The pandemic’s impact on the business world has dramatically changed employers’ expectations of the people they hire. Companies are increasingly looking for individuals who can thrive in a VUCA (volatile, uncertain, complex and ambiguous) environment.
In order to discern candidates’ abilities to do so, you need to elicit vital information to make informed hiring decisions.
Here are 10 key job interview questions to ask in the Covid era and what the answers could reveal about a candidate’s suitability for the job.
- The pandemic has caused varying degrees of stress for most of us. What has your experience been like and how have you been coping?
There shouldn’t be any shame in admitting the difficulties of dealing with the current situation. Those who say it hasn’t affected them at all are likely being dishonest.
From having to adjust to working remotely to having one’s job and financial security threatened while being concerned about contracting Covid-19, the possible sources of stress are endless.
As the candidate describes his or her personal experience of the pandemic era and coping techniques, their ability to deal constructively with difficult situations and stressors in the work environment will be revealed.
While acknowledging the challenges, are they able to adapt and come up with solutions?
The answer could tell you a lot about the candidates’ adaptability and resilience.
Some candidates mention doing volunteer work to help those more deeply affected by the effects of the pandemic. This gives them a sense of perspective and helps them cope with their own anxieties.
This reveals their sense of empathy and ability to help colleagues if, or when needed.
- What have you learnt about yourself during the pandemic?
This could help interviewers assess a candidate’s emotional intelligence and self-awareness.
Listen out for how they manage their emotions, motivate themselves and decide on actions to take during a crisis.
They might also reveal more about their working styles – perhaps they are more productive in the early hours of the morning or late at night, or they thrive in a remote work environment which offers greater autonomy rather than in a rigid office environment.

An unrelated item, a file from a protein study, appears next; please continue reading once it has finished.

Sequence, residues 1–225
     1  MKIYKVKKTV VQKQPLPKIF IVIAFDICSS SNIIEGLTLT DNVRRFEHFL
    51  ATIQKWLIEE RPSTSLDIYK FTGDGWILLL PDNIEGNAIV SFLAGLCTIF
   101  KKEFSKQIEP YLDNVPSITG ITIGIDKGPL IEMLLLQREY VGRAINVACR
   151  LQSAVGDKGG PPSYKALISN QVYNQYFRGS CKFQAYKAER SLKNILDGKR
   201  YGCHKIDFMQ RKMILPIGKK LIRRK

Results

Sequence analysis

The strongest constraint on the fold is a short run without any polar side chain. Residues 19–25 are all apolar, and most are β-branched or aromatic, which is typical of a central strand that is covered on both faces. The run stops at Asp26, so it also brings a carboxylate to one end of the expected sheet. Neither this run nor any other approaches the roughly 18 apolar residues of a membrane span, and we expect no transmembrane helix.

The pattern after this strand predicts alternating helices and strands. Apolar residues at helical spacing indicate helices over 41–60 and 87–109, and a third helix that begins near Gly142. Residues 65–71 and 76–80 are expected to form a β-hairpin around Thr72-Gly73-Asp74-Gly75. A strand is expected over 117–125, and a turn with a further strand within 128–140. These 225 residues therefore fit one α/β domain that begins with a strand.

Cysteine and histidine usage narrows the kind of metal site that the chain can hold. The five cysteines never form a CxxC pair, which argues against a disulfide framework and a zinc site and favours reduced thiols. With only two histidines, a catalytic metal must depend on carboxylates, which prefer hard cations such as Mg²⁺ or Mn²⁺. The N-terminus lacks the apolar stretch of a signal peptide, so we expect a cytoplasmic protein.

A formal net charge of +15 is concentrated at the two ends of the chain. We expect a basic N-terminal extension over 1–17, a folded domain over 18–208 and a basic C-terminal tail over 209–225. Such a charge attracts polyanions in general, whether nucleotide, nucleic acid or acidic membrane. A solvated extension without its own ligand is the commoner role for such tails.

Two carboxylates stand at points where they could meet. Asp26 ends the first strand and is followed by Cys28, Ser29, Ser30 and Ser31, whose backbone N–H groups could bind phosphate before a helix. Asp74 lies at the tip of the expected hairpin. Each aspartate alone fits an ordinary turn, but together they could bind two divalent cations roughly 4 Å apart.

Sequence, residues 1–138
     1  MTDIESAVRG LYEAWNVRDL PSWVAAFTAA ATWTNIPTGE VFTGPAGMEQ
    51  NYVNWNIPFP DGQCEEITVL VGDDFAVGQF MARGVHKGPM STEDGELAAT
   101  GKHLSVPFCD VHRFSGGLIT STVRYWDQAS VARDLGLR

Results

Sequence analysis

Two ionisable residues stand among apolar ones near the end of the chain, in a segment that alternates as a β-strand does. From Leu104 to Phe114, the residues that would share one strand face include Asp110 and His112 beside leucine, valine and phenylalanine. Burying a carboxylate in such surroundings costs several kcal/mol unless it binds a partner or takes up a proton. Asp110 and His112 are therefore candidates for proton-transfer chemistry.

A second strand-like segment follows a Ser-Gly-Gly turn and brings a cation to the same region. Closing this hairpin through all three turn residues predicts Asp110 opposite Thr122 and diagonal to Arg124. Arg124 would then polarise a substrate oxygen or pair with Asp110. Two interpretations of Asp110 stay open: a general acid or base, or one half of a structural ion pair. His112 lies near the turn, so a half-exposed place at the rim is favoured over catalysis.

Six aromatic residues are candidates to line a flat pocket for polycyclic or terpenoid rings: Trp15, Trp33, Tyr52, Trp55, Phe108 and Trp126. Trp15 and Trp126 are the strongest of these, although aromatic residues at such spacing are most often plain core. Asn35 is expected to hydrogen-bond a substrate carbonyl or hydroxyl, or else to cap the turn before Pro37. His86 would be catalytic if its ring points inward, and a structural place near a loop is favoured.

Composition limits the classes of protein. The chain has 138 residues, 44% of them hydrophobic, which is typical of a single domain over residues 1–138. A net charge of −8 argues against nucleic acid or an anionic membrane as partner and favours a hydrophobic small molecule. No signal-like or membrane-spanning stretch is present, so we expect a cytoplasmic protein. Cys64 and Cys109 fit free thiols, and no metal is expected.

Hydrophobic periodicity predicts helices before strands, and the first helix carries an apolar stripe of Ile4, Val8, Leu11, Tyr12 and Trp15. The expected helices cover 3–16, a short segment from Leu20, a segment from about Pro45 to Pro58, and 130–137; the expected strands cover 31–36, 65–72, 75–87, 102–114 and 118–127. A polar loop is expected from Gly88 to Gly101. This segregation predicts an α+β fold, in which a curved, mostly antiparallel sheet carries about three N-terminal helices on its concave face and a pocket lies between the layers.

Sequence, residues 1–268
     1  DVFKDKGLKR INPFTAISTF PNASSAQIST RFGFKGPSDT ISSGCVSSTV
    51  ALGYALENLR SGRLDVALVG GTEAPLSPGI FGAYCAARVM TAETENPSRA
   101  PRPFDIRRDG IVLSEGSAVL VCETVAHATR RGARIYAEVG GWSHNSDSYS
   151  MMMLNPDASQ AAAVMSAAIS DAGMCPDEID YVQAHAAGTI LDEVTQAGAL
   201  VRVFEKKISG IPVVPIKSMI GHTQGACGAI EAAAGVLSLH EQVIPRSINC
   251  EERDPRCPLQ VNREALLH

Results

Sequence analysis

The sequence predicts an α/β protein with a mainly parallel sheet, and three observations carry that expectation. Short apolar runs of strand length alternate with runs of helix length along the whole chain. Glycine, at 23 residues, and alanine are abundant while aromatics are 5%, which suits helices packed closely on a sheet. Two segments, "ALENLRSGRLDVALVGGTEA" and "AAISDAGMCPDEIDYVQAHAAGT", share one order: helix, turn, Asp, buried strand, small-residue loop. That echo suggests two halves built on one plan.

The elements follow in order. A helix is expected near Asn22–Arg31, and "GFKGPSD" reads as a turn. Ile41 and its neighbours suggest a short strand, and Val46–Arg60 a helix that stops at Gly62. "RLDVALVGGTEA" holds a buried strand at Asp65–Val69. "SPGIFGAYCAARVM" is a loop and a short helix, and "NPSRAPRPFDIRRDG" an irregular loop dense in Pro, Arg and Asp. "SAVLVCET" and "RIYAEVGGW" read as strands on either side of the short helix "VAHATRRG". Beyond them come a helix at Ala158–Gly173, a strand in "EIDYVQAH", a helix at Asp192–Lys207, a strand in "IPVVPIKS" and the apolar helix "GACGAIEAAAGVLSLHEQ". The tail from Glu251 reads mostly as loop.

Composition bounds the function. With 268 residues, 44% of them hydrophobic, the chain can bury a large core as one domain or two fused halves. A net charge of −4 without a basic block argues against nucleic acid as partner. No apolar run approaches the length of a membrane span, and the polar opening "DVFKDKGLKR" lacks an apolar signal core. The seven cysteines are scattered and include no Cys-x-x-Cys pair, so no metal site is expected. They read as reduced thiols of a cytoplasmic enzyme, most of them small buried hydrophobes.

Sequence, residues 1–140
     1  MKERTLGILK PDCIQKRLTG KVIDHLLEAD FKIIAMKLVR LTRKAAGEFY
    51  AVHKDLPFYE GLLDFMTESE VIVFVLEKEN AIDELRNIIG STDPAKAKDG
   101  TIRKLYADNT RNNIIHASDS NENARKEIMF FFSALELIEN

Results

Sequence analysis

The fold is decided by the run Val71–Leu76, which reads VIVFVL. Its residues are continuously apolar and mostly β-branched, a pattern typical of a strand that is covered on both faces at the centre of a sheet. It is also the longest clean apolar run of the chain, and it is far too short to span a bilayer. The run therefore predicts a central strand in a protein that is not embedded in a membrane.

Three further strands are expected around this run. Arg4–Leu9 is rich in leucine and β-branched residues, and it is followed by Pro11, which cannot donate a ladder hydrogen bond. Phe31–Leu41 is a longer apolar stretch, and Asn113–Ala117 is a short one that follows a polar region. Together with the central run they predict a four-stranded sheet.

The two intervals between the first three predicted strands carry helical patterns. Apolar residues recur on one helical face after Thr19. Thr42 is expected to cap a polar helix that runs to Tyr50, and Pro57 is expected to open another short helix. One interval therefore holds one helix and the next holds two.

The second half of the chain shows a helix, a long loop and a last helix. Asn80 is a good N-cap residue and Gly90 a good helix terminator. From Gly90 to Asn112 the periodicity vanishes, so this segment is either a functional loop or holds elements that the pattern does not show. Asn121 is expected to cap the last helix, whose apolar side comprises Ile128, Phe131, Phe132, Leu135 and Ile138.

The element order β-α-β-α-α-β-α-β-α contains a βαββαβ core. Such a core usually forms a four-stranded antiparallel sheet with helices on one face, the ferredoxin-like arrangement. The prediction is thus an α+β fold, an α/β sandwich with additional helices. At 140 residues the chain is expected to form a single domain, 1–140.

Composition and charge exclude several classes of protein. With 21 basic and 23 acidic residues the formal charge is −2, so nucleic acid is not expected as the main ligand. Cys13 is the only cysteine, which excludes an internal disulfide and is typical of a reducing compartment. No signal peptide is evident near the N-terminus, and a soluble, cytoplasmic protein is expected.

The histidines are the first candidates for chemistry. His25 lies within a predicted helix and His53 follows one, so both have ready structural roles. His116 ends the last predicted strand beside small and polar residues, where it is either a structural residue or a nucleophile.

- What life lessons has this period taught you, if any?
The answer could reveal anything from how reflective a candidate is, to how they’ve reframed this challenging period into one that is abundant with opportunities.
For many individuals, the experience has stimulated a rethink of their career, the value of adapting quickly and learning new skills, the importance of improving their communication skills to work more effectively with team mates in a remote setting, etc.
- How has Covid-19 changed the way you see and approach your career?
The pandemic’s impact on the economy and businesses has precipitated a rude awakening for many individuals who’ve lost their jobs as result. But even for those who haven’t, it should have stimulated some reflection on the longevity of their career.
Listen out for how the candidate plans to deal with the uncertainties and ambiguities impacting their career and the actions they are taking or intend to take.
Listen out for how proactive they are.
- What skills, if any, have you picked up in the past few months?
Ideally, people should be picking up new skills throughout their careers, not just during a crisis that threatens their job security. However, navigating a pandemic economy is certainly a unique experience. Have they, in spite of the unique stresses of this period, been able to think clearly enough to do what’s needed to remain relevant?